Electric Motor Growing Pains
By: Mark Romanack
Electric motors like the Lowrance Ghost that is in use here have become highly sophisticated pieces of gear. This particular electric motor can be networked to Lowrance sonar, giving the owner the option of controlling the unit with a foot control, a key fob or by using touch screen sonar.
If I’ve said it once, I’ve said it hundreds of times. Modern sport fishing centers squarely on the abilities of the electric motor. The electric motor is the first thing our team puts in the water at the start of our day and the last thing that comes out of the water when it’s time to call it a day. Furthermore, if the electric motor ain’t working, nothing is working and that’s a fact.
So much rides on the electric motor these days, it’s common for tournament anglers to carry a spare electric in their truck as insurance should something go wrong with the one mounted to their boat. To put that in perspective, electric motors have become invaluable but they are also one of the most vulnerable pieces of equipment a fisherman owns. If your electric motor stops working for any reason, chances are it’s going to take weeks and or months for a service center to repair the problem.
Technology can be a good thing in fishing and it can also be the thing that keeps you awake at night. The new technologies being implemented into modern electric motors allow these products to do things we could only dream of a few years ago.
Imagine having to anchor a boat using a conventional anchor and line or holding a trolling course heading using nothing more than a deck mounted compass! When it’s time to deploy and stow the electric motor, what if you couldn’t do that with the touch of a button? How about controlling an electric motor using your sonar and technology that allows the sonar to communicate with the electric motor?
Chances are if you’re using an electric motor these days, you are also using “anchor mode”, “heading lock”, “auto deploy/stow”, “gateway” and a host of other electric motor technologies constantly. If any one of these features and/or technologies fails, it’s a bad day.
The problem with these technologies is they can and do fail and chances are most anglers aren’t going to have the skills to fix the problem on the water. To make matters worse, an electric motor is mounted to the bow of a fishing boat, where it takes a literal pounding day in and day out. This is especially true among walleye and other big water anglers.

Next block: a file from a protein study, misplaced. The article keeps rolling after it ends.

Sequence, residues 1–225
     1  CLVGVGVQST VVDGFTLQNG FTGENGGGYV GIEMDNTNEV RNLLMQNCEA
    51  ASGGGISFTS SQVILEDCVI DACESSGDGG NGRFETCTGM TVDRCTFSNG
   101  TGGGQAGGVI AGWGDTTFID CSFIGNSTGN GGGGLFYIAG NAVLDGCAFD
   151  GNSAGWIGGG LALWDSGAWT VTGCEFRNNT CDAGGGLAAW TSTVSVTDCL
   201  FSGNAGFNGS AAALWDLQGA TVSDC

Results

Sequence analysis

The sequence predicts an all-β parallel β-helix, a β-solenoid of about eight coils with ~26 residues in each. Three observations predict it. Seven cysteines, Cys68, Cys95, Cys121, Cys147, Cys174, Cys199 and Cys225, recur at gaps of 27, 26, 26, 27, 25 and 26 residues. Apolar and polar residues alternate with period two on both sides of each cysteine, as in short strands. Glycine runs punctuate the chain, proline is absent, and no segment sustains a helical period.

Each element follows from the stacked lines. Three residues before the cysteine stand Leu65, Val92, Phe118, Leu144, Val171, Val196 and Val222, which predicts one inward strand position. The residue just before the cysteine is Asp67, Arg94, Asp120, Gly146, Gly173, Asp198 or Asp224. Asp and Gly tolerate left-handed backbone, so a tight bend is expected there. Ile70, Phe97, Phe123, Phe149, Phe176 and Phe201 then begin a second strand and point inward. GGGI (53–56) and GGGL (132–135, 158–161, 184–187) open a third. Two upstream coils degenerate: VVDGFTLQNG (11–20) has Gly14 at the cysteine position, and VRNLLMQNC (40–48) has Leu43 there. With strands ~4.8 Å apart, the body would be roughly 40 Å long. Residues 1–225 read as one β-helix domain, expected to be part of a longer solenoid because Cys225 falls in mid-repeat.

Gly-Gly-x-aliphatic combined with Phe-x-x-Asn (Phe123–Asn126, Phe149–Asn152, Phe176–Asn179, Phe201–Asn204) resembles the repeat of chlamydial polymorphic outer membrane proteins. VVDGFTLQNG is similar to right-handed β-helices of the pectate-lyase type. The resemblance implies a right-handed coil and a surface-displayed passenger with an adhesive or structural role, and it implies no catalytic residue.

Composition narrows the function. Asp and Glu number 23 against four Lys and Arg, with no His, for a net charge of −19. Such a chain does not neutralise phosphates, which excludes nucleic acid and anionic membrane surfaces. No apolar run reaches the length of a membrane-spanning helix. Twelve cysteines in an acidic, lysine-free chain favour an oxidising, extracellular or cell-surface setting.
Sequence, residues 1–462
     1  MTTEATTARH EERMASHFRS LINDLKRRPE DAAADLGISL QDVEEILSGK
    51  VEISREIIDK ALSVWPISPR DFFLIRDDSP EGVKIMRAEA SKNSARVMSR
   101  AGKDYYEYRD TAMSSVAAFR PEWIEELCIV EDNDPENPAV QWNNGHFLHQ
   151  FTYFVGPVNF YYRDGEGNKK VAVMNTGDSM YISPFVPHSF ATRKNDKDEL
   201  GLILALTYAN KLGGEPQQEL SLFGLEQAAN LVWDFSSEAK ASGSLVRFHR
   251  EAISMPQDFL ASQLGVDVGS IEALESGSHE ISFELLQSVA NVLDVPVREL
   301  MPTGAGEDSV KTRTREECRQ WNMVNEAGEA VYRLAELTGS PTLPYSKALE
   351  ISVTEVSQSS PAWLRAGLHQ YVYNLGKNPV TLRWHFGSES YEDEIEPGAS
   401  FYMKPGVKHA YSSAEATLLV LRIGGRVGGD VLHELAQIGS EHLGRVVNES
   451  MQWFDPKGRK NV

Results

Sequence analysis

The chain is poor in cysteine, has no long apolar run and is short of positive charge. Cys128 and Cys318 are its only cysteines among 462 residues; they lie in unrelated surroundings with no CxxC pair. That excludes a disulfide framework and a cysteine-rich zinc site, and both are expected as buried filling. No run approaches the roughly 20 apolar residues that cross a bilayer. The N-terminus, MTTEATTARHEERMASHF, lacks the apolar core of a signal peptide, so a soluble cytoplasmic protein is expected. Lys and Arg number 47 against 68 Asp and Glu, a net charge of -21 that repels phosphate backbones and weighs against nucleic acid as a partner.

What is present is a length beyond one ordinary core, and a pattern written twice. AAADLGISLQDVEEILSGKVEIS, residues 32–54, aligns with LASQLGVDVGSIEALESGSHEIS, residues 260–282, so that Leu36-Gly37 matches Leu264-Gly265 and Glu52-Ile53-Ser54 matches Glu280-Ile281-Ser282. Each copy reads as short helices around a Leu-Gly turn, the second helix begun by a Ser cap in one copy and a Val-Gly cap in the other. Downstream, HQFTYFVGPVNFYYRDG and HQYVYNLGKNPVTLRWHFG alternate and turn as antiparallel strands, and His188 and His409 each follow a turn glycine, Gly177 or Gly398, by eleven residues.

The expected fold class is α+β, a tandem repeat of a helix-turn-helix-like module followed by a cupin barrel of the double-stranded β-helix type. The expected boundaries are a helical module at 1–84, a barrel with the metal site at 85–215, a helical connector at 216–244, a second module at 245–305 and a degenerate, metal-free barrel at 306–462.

It’s a foregone conclusion that it’s not a question “if” an electric motor will fail, but more like “when” it’s going to happen.
Pulling jigs for crappie is just one of the many presentations the author feels that modern electric motors provide critically important features such as “heading lock” that make it easy to stay on fish.
Some of the newer electric motors on the market feature brushless motor technology. Electric motors that feature brushless technology are able to operate for longer periods of time per battery charge and also provide more thrust and overall power. Brushless motors are also very durable and have proven themselves to be trustworthy day in and day out.
Eventually all electric motors will feature brushless technology, but currently only a handful of models offer this critically important electric motor feature.
Most electric motors on the market were designed with bass fishing in mind. The bass fishing market dwarfs all other fishing markets combined, driving manufacturers to create electric motors with features tailored towards bass fishing. This is precisely why many of the electric motors on the market have a maximum shaft length of 60 inches.
Currently there are only three electric motors on the market that feature the longer shaft lengths needed for deep V walleye and saltwater boats. Minn Kota makes the Terrova in shaft lengths up to 72 inches, MotorGuide produces the Xi5 in up to 72 inch shaft options and Rhodan produces the HD GPS Anchor in shaft lengths including 72, 84 and even 96 inch lengths.
Electric motors are on the dawn of a new era that will see these critical pieces of fishing gear becoming more sophisticated and expensive. On a brighter note, these motors are able to do things we could only dream of a few years ago.
PICK YOUR BRAND
To further complicate matters, the various brands of electric motors do a poor job of interfacing with the many brands of sonar on the market. Anglers who view networking sonar and electric motor technology as an important option, are currently forced to pick a brand and stay within that brand’s networking system.
This presents a serious selection problem for consumers because most marine dealers don’t carry all of the various brands. Also, it’s important to note that installing modern sonar and electric motors is beyond the ability of the average angler. This means that the cost of owning and using these products is going up as marine service rates skyrocket.
This summer at the annual ICAST convention in Orlando, Florida a number of manufacturers will be introducing new electric motors. As technology continues to evolve, the electric motor has become arguably the most important piece of equipment on a fishing boat.
Clearly the electric motor industry has been experiencing some growing pains. Thankfully, the future promises to deliver new electric motors that are more durable and more user friendly in regards to networking with the popular brands of sonar on the market.
This July at the annual ICAST convention in Orlando, Florida a number of brands will be introducing new electric motors. Some of these brands are already in the electric motor market and others will be throwing their hat in the ring for the first time.
The good thing about competition is it drives others to perform to even greater heights. In the case of electric motors, it’s time that anglers are treated with motors that function as advertised and do it day in and day out.